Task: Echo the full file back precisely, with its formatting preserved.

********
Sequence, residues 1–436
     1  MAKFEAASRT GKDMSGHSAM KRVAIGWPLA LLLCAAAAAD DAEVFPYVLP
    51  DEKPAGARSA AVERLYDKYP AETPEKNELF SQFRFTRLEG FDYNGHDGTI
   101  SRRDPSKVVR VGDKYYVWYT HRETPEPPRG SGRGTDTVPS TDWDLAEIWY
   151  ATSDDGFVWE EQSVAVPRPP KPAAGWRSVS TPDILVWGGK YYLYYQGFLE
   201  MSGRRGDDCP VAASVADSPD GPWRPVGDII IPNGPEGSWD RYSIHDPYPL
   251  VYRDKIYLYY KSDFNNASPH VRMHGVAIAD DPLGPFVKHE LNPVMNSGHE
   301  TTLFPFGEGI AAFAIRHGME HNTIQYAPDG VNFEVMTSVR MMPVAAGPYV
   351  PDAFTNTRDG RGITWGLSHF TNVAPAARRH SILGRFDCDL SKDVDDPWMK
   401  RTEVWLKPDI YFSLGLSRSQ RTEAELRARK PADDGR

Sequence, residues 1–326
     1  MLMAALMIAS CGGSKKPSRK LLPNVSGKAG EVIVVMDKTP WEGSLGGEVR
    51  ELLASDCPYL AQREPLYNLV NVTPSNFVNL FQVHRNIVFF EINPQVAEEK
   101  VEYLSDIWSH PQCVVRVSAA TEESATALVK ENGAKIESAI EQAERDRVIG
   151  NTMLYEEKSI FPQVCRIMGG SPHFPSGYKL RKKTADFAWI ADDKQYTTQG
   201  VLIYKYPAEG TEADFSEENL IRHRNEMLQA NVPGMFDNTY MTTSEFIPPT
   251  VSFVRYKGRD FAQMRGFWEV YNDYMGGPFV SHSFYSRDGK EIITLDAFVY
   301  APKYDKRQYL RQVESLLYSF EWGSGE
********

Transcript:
Sequence, residues 1–436
     1  MAKFEAASRT GKDMSGHSAM KRVAIGWPLA LLLCAAAAAD DAEVFPYVLP
    51  DEKPAGARSA AVERLYDKYP AETPEKNELF SQFRFTRLEG FDYNGHDGTI
   101  SRRDPSKVVR VGDKYYVWYT HRETPEPPRG SGRGTDTVPS TDWDLAEIWY
   151  ATSDDGFVWE EQSVAVPRPP KPAAGWRSVS TPDILVWGGK YYLYYQGFLE
   201  MSGRRGDDCP VAASVADSPD GPWRPVGDII IPNGPEGSWD RYSIHDPYPL
   251  VYRDKIYLYY KSDFNNASPH VRMHGVAIAD DPLGPFVKHE LNPVMNSGHE
   301  TTLFPFGEGI AAFAIRHGME HNTIQYAPDG VNFEVMTSVR MMPVAAGPYV
   351  PDAFTNTRDG RGITWGLSHF TNVAPAARRH SILGRFDCDL SKDVDDPWMK
   401  RTEVWLKPDI YFSLGLSRSQ RTEAELRARK PADDGR

Sequence, residues 1–326
     1  MLMAALMIAS CGGSKKPSRK LLPNVSGKAG EVIVVMDKTP WEGSLGGEVR
    51  ELLASDCPYL AQREPLYNLV NVTPSNFVNL FQVHRNIVFF EINPQVAEEK
   101  VEYLSDIWSH PQCVVRVSAA TEESATALVK ENGAKIESAI EQAERDRVIG
   151  NTMLYEEKSI FPQVCRIMGG SPHFPSGYKL RKKTADFAWI ADDKQYTTQG
   201  VLIYKYPAEG TEADFSEENL IRHRNEMLQA NVPGMFDNTY MTTSEFIPPT
   251  VSFVRYKGRD FAQMRGFWEV YNDYMGGPFV SHSFYSRDGK EIITLDAFVY
   301  APKYDKRQYL RQVESLLYSF EWGSGE